Jews from the nearby villages were also supporting the Jewish institutions. One of the big supporters was the owner of a flourmill in Slobodke Itzchak Izik Kagan. He was supporting not only institutions, but also needy people in town. Itzchak Izik would never refuse help to anyone, be it an institution, a needy person or a Zionist cause. He gave generously. When the war started and the Nazi beasts arrived, there was hunger in town. Itzchak Izik was still in his mill at the time and he helped many Jews. He was providing flour and other produce. Everyone knew him and some made use of his generosity.

Schools in Novogrudok

At the same time a modern school, which was called Beit Seifer, was established,. The name gave a good indication of the type of school it was. Later, when the Tarbut movement was created in Poland, Beit Seifer became one of the Tarbut schools. The school existed until 1939. When the soviets came they converted Tarbut to a Yiddish school, but retained Moshe Steinberg, as the school principal.

For a time, there was also a Yiddish school of CISA headed by the teacher Solomon. After a few years the school was closed.

There was also a Mizrachi school in town. It was a private school which belonged to Shloyme Wolfovich. In time the school was modernised, it joined the Mizrachi “tushia” and employed a few teachers. But the school still belonged to Wolfovich and was commonly called the Wolfovich school.

A “melamed” [old fashioned teacher of religious texts] was still available to teach junior students – this was the Menaker school in Rachelo.

Professional unions

After the first world war professional associations were created in Novogrudok.
  1. Needle workers. The head office in Warsaw was connected with the Bund.
  2. Leather workers. The head office was communist.
  3. Tobacco workers. The head office was connected with PPS [Polska Partja Socialistyczna – the Polish Socialist Party].
All the unions were located in one building. There was a great deal of functional and cultural activity. There were meetings, lectures mostly of an anti-Zionist nature. A number of young activists created a group of Zionist metal workers. The other associations have allowed us the use of their premises. They were also helping us. But when it came to legalising the metal workers union it was refused because I, the secretary of the union, was a member of Poalei Zion and the other members on the committee were our supporters. The head office in Warsaw was Bundist. They rejected our application to join the union, though formally we were eligible to do so, since we fulfilled all of their requirements. Many letters of support were of no use, nor were my two trips to the head office in Warsaw. They did not reject us, they just told us that they were looking into it. But in the end we were never made official members. The union could not exist without legalisation. Thus a metal workers union was never formed in our town. Some of our members created a provisional group in the professional union. This group created a worker's library. We collected money for its creation. We catered at all festivities and weddings. We were organising entertainment parties. The library was growing well. It was located in the building of the unions. As long as there were three unions of three different kinds, the few Zionist youths who created and ran the library were not rejected, though we did not trust each other. The tobacco union was abolished when the production and retail of tobacco was monopolised by the Polish government. Some of the leaders of the leather workers union have become independent manufacturers and suppliers of leather goods. This left only the Bundist needle union. They decided to close us down. They locked the premises, and as the library was in the premises it was also closed. After a time they found new premises and the library remained in their possession.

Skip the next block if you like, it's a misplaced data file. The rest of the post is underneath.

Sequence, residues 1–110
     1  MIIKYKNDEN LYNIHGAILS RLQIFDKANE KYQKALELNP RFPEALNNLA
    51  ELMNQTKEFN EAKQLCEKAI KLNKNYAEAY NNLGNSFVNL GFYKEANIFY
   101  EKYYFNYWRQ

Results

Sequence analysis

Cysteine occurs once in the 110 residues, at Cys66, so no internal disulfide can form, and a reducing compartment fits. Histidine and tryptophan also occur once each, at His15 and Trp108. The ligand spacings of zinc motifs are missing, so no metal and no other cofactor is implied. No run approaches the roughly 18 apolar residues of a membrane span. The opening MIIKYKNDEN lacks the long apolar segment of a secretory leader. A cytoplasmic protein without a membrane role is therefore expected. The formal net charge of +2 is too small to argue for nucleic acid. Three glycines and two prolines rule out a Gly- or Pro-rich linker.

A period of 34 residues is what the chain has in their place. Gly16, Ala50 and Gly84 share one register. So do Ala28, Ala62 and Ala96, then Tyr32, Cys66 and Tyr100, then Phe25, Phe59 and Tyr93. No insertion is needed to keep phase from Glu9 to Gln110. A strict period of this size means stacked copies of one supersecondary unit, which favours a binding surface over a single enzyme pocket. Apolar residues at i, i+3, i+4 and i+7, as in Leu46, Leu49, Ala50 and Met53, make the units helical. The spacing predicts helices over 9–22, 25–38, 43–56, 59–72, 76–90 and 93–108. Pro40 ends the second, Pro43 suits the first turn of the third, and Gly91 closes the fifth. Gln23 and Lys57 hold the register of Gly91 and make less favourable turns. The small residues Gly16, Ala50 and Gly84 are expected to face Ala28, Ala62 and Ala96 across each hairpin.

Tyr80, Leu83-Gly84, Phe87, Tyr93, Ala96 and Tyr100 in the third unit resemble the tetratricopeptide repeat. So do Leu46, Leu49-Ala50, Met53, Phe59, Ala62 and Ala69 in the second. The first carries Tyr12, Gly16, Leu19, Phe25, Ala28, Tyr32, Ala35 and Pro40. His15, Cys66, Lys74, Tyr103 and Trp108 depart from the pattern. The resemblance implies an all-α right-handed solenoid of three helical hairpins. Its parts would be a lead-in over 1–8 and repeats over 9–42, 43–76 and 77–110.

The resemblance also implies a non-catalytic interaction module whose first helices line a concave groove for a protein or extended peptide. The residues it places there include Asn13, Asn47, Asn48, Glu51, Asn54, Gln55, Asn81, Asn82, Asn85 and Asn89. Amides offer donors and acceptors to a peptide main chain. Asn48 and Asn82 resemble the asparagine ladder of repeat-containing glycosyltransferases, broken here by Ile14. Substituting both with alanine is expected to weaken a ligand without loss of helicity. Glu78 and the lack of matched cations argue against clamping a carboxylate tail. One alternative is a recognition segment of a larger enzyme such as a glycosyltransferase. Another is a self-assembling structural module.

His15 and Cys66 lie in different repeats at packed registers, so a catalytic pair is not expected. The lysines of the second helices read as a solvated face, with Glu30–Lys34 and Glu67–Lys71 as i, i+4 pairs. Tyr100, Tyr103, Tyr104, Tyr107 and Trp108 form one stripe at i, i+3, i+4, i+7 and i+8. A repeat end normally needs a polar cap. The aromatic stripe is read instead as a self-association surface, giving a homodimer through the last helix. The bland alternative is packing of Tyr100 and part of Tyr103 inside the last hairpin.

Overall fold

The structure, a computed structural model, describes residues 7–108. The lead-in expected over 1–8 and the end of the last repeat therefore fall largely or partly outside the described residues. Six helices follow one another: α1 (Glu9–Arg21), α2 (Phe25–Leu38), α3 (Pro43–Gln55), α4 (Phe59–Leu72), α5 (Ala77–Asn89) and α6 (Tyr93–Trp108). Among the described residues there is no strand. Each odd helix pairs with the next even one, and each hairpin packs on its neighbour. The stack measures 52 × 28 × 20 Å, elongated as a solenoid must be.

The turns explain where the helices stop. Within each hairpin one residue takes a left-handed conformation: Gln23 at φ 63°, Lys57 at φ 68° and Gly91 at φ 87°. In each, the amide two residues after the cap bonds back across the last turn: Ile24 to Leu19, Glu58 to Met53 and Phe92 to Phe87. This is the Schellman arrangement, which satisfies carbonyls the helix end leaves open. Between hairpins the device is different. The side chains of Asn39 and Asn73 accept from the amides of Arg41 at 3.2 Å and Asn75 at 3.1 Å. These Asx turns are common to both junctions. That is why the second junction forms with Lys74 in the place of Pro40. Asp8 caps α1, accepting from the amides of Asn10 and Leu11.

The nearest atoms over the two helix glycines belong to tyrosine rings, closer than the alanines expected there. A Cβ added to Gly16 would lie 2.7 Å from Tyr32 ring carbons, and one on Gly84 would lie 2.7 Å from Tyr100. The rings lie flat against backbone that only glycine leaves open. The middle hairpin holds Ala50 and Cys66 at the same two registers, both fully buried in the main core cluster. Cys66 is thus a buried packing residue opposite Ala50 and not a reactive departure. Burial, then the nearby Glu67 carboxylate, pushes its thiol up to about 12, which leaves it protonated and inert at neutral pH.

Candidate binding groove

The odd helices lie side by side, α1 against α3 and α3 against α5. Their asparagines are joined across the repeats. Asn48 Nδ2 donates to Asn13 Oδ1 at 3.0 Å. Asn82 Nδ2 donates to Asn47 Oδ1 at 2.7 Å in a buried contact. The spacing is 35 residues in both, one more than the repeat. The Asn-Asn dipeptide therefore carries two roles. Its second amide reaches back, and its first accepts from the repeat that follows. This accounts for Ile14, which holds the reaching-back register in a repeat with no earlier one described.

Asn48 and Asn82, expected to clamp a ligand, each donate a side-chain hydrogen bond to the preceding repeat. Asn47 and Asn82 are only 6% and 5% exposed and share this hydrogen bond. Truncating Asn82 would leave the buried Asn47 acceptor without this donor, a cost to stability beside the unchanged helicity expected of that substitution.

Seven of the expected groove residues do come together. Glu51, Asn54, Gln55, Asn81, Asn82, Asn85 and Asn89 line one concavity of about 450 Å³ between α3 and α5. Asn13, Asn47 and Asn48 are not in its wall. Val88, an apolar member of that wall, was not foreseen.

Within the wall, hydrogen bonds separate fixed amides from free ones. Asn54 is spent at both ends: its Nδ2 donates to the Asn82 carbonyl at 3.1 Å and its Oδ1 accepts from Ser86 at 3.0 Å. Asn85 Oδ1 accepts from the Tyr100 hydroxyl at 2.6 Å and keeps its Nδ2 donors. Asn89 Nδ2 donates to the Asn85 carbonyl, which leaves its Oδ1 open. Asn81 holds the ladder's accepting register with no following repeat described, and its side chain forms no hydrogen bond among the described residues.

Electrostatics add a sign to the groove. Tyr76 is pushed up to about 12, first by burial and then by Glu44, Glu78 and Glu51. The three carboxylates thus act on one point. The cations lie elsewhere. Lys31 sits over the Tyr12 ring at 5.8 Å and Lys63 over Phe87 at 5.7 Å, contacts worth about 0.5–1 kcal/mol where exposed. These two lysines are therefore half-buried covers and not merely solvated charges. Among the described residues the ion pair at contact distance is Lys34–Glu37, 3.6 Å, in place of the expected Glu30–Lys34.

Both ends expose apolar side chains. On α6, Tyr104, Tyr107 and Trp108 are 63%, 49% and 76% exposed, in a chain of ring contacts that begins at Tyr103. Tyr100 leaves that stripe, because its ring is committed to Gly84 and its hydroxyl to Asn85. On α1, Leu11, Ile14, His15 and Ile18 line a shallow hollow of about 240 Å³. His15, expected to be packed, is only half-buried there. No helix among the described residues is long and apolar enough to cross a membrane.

Workers union and workers bank